When did we last have six pregnant women driving a film’s narrative? The answer is never. The credit of conceiving such an unusual premise for a multi-lingual movie goes to Anjali Menon, who has written and directed it. Connected by their pregnancy and the myriad emotions attached to it, these women underline the beauty and importance of sisterhood, especially during one of the most vulnerable periods of their life.
Though a crucial phase for women who choose to seek the joys of motherhood, there is no doubt that the period of pregnancy is also one filled with several unique challenges. That’s what brings these expectant mothers to Sumana, where Nandita (Moidu) runs classes about pre-natal care and well-being. Every morning, Nandita writes on Sumana’s board: “How are you feeling today?” The answer varies from “anxious”, “nervous” and “confused” to a rage-driven illegible scribble.
The film makes its overarching theme clear from the start with the dedication: “Sisterhood that upholds us”. The lead characters, Nora (Menen), Mini (Thiruvothu), Veni (Padmapriya), Jaya (Subhash), Saya (Philip) and Gracy (Padmini), come with their own back-stories and issues. Sumana is envisioned as a safe space for pregnant women where they find the much-needed sisterhood that comforts and guides them.
Their stories create an opportunity to look at some of the critical problems that women face. After three miscarriages, Jaya is pregnant via IUI and is scared of age-related complications. Mini is a single parent since she chose to carry on with her pregnancy at the cost of her marriage. Saya has an overenthusiastic partner to deal with while Nora’s husband is baffled by her obsession with the unborn child. Menon tells their stories with warmth and understanding. She, however, stays away from taking a more in-depth look at their life and mind.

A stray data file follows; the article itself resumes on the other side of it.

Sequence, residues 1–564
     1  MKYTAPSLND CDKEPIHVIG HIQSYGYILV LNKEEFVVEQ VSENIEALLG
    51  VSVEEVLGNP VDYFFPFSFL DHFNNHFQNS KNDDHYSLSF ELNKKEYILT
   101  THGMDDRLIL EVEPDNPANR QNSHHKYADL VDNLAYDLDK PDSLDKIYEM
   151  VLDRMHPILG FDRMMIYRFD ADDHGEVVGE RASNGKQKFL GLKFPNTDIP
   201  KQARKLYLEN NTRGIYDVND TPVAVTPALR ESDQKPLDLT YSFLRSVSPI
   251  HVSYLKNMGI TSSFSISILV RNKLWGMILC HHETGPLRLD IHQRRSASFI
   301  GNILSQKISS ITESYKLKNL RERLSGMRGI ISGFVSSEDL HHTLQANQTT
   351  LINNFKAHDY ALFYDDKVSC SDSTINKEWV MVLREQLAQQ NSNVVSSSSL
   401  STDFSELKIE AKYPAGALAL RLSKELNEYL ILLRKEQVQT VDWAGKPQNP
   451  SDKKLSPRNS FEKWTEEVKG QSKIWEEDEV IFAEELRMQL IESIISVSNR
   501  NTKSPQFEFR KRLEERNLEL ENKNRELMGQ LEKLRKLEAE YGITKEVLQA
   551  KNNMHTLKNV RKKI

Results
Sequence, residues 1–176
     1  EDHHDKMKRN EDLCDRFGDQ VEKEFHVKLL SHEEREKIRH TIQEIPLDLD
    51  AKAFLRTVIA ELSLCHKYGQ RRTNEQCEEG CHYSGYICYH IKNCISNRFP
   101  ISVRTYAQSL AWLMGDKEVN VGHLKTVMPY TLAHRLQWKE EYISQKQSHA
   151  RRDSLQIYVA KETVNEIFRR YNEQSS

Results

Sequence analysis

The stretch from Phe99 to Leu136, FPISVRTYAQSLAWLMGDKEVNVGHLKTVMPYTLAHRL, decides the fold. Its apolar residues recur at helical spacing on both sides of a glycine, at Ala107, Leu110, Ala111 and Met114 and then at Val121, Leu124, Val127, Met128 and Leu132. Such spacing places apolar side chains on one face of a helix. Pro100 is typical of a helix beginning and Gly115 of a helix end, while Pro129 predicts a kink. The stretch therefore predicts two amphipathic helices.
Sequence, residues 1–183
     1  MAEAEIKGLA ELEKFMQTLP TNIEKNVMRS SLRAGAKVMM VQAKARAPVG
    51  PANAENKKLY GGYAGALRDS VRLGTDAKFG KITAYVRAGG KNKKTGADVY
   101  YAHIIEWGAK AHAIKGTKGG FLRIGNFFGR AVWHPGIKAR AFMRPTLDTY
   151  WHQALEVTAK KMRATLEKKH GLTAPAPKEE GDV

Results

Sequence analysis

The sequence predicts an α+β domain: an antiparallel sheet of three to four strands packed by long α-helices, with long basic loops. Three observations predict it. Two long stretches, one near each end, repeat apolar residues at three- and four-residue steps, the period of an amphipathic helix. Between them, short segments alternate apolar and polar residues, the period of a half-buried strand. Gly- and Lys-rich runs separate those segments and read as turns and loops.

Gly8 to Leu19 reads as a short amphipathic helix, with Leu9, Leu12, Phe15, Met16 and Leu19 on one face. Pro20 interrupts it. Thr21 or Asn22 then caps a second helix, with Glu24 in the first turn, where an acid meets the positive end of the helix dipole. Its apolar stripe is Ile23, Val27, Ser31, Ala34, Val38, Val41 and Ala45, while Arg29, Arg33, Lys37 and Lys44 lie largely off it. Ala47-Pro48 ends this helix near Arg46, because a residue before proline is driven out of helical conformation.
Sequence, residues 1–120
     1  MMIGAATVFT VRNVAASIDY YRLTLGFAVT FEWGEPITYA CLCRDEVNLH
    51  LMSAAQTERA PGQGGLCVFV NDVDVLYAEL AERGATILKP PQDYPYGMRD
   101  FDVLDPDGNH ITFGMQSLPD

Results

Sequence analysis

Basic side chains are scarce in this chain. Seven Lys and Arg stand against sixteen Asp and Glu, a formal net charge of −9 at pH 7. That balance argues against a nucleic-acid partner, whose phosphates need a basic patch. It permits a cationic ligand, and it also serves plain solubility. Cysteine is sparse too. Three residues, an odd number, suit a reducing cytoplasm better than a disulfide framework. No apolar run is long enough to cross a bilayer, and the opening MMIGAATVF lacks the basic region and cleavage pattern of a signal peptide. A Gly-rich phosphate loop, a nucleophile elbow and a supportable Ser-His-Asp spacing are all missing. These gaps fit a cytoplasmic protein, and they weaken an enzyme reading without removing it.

Apart from bonding, which goes beyond connecting over a Whatsapp group called ‘Wonder Women’, these characters learn to share their problems, voice their thoughts, get a lesson in empathy and express their displeasure over patriarchal behaviour. It also touches upon a few thorny issues such as language chauvinism.
More importantly, the movie reminds us about the right of a pregnant woman under Lakshya guidelines to have a companion of her choice during childbirth. It reiterates, loudly and clearly, the basic principle that people should keep in mind while dealing with women’s issues – her body, her baby, her choice.
The movie has several tender moments as these women stick together and create a support system for each other. Vivacious Nora helps Mini, who is aloof and angry with her family, to reunite with her grandmother. Though several years have gone by, Nandita still grieves the loss of her child while giving birth. In a role reversal of sorts, she finds consolation and support in these women.
The film is a heartening tale of sisterhood and motherhood. Even though everyone is quick to glorify motherhood, in reality, it is riddled with anxiety, sleepless nights, and physical discomfort. One, however, wishes the movie had offered more insight into the role of a family and veered into more tricky situations that often arise during one’s pregnancy.